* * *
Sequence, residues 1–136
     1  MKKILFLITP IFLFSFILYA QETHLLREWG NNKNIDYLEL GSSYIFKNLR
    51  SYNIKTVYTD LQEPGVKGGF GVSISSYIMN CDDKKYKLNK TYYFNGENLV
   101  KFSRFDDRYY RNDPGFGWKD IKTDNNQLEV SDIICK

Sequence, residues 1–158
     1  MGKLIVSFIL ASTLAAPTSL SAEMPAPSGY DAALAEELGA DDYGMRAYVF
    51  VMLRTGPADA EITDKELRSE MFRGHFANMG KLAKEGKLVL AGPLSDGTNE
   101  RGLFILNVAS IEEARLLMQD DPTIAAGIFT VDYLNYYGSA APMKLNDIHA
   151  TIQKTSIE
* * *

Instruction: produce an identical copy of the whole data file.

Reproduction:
Sequence, residues 1–136
     1  MKKILFLITP IFLFSFILYA QETHLLREWG NNKNIDYLEL GSSYIFKNLR
    51  SYNIKTVYTD LQEPGVKGGF GVSISSYIMN CDDKKYKLNK TYYFNGENLV
   101  KFSRFDDRYY RNDPGFGWKD IKTDNNQLEV SDIICK

Sequence, residues 1–158
     1  MGKLIVSFIL ASTLAAPTSL SAEMPAPSGY DAALAEELGA DDYGMRAYVF
    51  VMLRTGPADA EITDKELRSE MFRGHFANMG KLAKEGKLVL AGPLSDGTNE
   101  RGLFILNVAS IEEARLLMQD DPTIAAGIFT VDYLNYYGSA APMKLNDIHA
   151  TIQKTSIE